Newly Diagnosed Glioblastoma Multiforme (Peptide Vaccine Immunotheraphy)


This randomized, double-blind, multi-center, controlled study is designed to evaluate the use of a vaccine for people that have been newly diagnosed with a specific brain tumor (glioblastoma multiforme, or GBM) and have had surgery to remove the tumor. The vaccine (ICT-107) is made from the patients own blood cells, and may act as a “vaccination” against the tumor to keep it from coming back so soon. This vaccine has not yet been approved by the U.S. Food and Drug Administration (FDA).

This study consists of a 6-week Post Surgery Standard of Care Treatment Phase; 6-week Vaccine Induction Phase; a 1 week rest period; and a Maintenance Phase consisting of 28-day cycles. Standard of Care (SOC) chemoradiation (radiotherapy and temozolomide [TMZ]) will be administered during the Post Surgery Standard of Care Treatment Phase; SOC maintenance TMZ will be administered for 12 cycles (12 months) during Maintenance.

Participants will be patients who have had clinically indicated surgery to remove their brain tumor. These patients will be screened for eligibility, and if eligible, will undergo a procedure called apheresis through which the individual's study vaccine will be made.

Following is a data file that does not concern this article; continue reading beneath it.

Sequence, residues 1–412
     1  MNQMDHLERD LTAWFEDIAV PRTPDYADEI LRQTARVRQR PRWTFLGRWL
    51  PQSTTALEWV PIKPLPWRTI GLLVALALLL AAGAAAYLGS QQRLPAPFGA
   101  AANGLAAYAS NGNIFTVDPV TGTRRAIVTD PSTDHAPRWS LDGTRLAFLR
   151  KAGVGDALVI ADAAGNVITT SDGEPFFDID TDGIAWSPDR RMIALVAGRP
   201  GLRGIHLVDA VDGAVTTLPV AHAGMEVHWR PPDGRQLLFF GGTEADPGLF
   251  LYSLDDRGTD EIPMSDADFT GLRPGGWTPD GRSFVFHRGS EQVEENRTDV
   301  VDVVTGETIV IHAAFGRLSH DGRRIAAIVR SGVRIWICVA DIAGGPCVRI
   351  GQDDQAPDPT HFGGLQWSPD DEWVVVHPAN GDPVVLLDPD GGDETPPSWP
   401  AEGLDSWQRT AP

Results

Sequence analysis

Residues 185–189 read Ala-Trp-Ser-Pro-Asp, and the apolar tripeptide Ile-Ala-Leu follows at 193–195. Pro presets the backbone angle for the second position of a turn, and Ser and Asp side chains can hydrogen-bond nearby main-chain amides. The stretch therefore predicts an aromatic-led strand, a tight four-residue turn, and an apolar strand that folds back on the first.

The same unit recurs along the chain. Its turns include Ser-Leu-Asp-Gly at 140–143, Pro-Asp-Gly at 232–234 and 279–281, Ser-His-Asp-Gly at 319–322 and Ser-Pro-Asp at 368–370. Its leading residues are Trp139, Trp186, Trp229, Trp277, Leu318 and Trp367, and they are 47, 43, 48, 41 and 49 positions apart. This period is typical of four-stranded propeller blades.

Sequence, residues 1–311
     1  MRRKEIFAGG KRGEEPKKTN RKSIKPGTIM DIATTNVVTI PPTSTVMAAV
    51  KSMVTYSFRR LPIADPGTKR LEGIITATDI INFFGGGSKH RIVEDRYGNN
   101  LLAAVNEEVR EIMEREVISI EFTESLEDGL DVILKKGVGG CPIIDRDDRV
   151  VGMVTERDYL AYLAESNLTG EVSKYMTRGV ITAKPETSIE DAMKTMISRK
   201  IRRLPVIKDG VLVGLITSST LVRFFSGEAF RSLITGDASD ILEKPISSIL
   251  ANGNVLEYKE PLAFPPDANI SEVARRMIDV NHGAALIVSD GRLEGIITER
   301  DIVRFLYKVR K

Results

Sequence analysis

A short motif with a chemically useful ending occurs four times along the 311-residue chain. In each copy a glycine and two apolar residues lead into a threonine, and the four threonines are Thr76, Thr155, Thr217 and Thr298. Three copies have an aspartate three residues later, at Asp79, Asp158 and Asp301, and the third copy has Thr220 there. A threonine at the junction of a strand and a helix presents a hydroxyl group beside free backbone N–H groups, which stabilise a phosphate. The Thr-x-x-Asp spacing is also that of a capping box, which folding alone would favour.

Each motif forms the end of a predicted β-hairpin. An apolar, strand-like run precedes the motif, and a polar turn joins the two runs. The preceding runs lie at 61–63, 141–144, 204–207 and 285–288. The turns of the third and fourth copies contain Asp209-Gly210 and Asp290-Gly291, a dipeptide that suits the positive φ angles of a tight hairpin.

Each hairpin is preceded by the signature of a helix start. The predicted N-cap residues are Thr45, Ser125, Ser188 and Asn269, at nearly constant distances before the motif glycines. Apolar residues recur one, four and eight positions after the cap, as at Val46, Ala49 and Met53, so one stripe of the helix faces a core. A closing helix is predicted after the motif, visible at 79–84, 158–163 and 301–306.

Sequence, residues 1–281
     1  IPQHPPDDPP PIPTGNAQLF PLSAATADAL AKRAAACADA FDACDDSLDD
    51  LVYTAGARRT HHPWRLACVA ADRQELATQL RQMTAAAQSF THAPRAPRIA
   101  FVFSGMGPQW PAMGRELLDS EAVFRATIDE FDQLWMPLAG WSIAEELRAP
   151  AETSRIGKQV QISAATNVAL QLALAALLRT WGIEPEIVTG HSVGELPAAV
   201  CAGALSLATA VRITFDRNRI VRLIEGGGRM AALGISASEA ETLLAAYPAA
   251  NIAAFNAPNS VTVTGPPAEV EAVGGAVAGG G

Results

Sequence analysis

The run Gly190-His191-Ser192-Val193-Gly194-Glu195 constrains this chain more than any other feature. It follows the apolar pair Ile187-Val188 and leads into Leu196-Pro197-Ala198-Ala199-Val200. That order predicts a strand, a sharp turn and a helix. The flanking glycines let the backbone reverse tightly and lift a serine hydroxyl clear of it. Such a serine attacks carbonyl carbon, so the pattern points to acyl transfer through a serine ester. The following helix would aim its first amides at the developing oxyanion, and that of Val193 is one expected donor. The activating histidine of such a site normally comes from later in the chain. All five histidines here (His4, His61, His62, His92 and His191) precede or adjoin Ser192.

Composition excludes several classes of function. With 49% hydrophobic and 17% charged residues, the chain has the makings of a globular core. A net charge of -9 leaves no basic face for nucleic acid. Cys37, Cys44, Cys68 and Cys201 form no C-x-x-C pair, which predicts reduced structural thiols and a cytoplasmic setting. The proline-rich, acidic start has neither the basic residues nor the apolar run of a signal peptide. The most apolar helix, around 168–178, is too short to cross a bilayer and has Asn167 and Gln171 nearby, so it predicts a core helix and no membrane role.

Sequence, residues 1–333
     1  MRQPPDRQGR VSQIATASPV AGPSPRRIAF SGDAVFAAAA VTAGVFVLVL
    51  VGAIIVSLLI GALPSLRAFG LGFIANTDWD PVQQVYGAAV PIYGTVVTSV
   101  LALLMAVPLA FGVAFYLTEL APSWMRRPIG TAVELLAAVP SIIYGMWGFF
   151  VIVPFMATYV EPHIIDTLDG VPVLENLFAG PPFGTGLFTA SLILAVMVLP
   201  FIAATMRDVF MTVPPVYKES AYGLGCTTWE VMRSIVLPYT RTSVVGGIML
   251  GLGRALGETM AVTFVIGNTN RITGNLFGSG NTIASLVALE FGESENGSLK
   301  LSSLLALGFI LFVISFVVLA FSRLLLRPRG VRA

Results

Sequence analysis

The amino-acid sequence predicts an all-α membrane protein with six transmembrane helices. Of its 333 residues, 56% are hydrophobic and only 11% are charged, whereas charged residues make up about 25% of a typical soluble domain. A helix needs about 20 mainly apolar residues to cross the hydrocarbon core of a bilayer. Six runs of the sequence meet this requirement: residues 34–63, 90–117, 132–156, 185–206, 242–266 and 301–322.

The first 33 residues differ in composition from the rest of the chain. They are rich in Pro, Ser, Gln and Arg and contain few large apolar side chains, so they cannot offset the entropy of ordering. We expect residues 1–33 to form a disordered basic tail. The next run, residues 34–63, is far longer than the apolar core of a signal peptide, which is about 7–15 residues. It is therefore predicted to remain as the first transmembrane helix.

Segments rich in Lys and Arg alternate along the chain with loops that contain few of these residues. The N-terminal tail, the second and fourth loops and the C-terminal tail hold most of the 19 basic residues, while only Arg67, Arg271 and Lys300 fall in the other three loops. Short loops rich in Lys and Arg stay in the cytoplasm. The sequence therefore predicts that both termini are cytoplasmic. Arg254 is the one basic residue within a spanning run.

Apheresis involves the subject giving components of their blood to make the vaccine and then the vaccine made from that blood will be given back to them as the study medication. During this procedure, blood will be drawn from the subject's vein, circulated through a machine which will collect the mononuclear cells from the blood, and then the remainder of the blood cells are returned to the subject's body. This procedure pumps blood through a machine to collect specific cells from the blood, and the remainder of the blood cells are returned back to the subject's body. The blood cells that are collected will be divided. Some of the blood cells will be treated so that they will recognize the tumor cells produced by the patients tumor; this will be the ICT-107 vaccine. The rest of the cells will not be treated; this will be the Control vaccine. The Control vaccine will not have any effect on the tumor. ICT-107 is an autologous vaccine consisting of the patient’s DCs pulsed with synthetic peptides from 6 tumor-stem cell associated antigens; matching Control consists of unpulsed DCs at one third the number of cells.